Covid-19: Declining trend of UK, US cases shows ‘an end in sight’ – modeller Rodney Jones

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Strict lockdown measures in the United Kingdom and changing behaviours in the United States are seeing the number of new Covid-19 cases stabilise.

Johns Hopkins University map showing Covid-19 cases in United Kingdom.

Photo: 123RF

This week in the UK, new daily cases have dropped below 10,000 for the first time since October.

In the US, on Friday the average number of daily new cases fell below 100,000, also for the first time in months.

Economist and Covid-19 modeller Rodney Jones, who has been keeping an eye on the international trends, said the speed of the decline in US and UK cases was remarkable.

“In early January, all the curves looked firmly exponential,” he told Morning Report.

Looking ahead, Jones said modelling forecasts showed that fall in cases would continue.

“An end is in sight I think, because what would happen normally is you have a lockdown, you contain the virus, but then you open up again and we’ve get another wave. But those waves take three-four months to build, by then we’re going to have the vaccines being deployed into that potentially new wave.”

That would have flow-on effects for New Zealand, he said.

“The numbers we have of positive cases coming through our MIQ is itself a function of the strain of the virus and the countries where the returnees are coming from.

“I think it’ll bring it down to 10-15 [cases in MIQ] on a seven-day rolling average. We’re up at 60 in January when we saw the peaks in the US and UK. That can decline further as the peaks in the US, UK and Europe is following a decline. So we can have single-digit of positive cases a week [in MIQ].”

As a result, that would also further reduce the risk of an MIQ leak, he said.

“Remember, within a few weeks we’re going to have border workers, MIQ workers and their families getting vaccinated and that adds an extra layer of protection. For the first time since 12 months ago, there’s kind of an end in sight.”

Jones said a picture of where the pandemic was headed would become more clear over June and July.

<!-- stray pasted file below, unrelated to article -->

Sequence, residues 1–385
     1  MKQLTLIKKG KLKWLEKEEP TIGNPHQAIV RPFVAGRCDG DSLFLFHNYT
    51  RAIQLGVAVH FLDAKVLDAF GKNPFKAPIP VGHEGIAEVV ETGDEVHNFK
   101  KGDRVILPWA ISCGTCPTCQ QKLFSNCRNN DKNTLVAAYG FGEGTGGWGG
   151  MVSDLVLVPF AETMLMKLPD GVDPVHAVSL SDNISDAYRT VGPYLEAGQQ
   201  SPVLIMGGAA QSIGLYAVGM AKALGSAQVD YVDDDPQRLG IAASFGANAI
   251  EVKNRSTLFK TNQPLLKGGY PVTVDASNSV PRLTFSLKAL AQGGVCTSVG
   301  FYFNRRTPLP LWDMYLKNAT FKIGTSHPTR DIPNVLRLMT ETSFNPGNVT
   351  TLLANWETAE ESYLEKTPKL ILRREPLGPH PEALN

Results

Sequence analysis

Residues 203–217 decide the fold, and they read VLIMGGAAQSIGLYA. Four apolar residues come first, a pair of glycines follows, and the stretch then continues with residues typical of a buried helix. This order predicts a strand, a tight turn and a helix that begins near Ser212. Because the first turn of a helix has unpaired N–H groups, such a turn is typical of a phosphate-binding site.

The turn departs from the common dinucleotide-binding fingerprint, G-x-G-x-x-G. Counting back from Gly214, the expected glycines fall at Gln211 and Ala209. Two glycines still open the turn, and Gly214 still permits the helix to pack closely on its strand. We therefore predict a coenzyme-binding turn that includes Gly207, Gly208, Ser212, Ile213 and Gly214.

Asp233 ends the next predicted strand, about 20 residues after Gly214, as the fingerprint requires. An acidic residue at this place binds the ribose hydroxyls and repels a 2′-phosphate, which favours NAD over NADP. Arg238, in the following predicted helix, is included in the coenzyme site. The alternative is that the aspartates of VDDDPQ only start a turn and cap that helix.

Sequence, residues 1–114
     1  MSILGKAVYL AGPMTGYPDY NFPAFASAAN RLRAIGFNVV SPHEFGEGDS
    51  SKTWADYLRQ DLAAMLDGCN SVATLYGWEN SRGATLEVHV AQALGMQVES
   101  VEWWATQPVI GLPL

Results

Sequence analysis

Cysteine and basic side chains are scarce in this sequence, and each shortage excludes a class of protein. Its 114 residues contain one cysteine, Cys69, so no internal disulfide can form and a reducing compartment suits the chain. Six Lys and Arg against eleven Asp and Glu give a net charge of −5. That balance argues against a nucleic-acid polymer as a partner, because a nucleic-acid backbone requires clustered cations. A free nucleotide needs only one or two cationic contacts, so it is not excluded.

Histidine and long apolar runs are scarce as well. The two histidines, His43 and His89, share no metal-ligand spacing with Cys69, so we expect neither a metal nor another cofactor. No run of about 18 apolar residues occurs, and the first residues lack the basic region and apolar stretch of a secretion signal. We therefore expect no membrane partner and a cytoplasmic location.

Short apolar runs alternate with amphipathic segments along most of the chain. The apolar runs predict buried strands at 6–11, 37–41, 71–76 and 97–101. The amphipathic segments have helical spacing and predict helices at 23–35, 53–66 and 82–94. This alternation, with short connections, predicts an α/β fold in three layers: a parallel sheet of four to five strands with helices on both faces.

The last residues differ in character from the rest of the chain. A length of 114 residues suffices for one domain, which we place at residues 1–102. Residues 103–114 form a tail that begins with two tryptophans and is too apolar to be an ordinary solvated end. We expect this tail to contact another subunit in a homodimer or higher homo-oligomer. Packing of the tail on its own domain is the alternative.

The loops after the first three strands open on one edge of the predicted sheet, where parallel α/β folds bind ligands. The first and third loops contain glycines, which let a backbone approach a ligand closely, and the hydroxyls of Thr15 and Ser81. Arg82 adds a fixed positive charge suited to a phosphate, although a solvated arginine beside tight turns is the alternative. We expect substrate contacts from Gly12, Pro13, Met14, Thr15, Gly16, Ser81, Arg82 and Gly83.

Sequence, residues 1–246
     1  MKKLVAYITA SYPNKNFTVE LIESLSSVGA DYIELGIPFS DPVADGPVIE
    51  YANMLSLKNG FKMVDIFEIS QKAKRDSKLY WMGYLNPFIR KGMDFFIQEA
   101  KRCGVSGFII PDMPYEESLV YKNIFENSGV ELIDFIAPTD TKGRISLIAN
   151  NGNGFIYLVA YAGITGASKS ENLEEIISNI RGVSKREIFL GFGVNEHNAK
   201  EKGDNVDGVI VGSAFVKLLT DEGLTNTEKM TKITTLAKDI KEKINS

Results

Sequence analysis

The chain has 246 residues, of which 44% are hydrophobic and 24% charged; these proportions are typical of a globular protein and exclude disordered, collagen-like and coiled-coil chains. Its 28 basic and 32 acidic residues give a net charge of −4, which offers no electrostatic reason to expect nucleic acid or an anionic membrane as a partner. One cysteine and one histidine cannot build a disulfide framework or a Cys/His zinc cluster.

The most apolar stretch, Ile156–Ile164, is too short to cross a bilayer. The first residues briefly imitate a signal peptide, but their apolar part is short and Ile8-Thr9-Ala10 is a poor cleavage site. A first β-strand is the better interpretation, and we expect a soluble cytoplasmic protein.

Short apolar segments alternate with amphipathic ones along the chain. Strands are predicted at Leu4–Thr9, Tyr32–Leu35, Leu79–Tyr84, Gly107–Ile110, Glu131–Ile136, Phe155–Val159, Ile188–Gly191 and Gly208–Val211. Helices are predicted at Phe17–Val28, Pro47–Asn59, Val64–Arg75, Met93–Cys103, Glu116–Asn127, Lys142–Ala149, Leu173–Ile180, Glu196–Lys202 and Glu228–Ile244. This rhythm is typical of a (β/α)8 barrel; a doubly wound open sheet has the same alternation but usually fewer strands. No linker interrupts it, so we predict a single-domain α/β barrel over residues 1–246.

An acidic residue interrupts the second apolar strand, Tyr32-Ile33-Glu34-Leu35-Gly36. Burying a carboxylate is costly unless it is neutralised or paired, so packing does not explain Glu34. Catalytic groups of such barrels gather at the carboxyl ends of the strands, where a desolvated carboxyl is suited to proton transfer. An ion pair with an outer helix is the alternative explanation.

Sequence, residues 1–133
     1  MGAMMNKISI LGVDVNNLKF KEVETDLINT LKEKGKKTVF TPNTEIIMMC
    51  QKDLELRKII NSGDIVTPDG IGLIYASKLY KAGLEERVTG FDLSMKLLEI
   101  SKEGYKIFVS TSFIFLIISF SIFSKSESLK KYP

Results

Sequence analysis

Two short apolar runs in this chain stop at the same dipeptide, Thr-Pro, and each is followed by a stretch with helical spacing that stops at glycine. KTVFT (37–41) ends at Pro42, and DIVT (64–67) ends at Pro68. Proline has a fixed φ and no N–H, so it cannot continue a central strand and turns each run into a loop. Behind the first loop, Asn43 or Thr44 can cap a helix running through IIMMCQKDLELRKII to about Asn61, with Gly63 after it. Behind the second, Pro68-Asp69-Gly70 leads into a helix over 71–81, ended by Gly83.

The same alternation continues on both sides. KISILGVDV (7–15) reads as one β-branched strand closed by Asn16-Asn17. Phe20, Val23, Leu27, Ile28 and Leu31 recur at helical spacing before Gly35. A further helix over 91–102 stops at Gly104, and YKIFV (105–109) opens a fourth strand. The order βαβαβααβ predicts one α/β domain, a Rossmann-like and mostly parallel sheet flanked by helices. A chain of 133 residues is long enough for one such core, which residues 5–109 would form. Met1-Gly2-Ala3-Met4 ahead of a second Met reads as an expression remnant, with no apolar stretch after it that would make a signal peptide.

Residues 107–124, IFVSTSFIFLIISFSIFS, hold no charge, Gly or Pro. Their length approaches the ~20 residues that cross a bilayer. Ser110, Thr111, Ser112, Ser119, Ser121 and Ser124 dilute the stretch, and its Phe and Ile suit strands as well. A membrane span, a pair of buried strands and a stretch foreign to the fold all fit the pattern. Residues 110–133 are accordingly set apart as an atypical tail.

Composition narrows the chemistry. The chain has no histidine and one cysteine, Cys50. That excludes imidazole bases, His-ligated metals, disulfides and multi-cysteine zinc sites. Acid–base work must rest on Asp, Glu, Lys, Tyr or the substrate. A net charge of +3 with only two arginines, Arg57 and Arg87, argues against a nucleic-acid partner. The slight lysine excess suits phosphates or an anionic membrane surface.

“Vaccination is an essential part of the strategy. I think we can have more confidence that as we look to ’22 that we are going to leave this pandemic behind. It’s going to take time but I think by the northern summer we’re going to see much more mobility starting and that not creating a new wave and that’s going to be a big sign.”

‘We don’t want to live in fear’

Jones said the biggest risk for New Zealand was that it would stay “fearful and hunkered down” while cases drop around the world.

“We want to eliminate it … that’s still the goal … what I’m just saying is we don’t want to live in fear.

“As this thing starts to wind down and end, we have to shift our own mentality and the commentary and the way we respond to things, we have to start looking forward.”

He believed there was “too much alarm” after three new community cases were revealed on Sunday.

“We have a really good toolkit, we’ve shown we can chase down these leakages so you have to distinguish what’s a leakage, what’s an outbreak,” Jones said.

“The concern was that this was an outbreak and they moved on that basis since then it looks like a leakage,” he said.

“We don’t want to stay mentally hunkered down, we have to look forward and say there’s going to be these leakages – in fact we may only have a few more weeks of that risk of leakages – chase them down, and contain them.

“There’s no need for panic, there’s no need for heightened alarm. The paradox is there’s a lot of concern about the new variants and that the science of that is understandable, [but] the curve everywhere is bending, we’re seeing the best dramatic fall in cases.”

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